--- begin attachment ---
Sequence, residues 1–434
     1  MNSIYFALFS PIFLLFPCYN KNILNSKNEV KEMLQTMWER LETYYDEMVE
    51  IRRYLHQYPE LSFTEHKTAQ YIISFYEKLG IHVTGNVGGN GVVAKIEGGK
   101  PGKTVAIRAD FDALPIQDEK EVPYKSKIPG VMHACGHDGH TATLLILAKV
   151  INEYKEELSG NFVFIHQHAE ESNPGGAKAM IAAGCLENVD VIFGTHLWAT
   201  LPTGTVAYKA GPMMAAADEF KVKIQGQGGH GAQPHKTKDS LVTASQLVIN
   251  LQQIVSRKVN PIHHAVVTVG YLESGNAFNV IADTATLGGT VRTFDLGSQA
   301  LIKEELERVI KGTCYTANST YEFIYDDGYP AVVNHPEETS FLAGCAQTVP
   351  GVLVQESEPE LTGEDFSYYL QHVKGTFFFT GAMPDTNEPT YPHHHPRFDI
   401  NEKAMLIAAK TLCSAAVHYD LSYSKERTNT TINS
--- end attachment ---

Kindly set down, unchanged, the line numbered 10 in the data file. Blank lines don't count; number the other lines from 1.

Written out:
   401  NEKAMLIAAK TLCSAAVHYD LSYSKERTNT TINS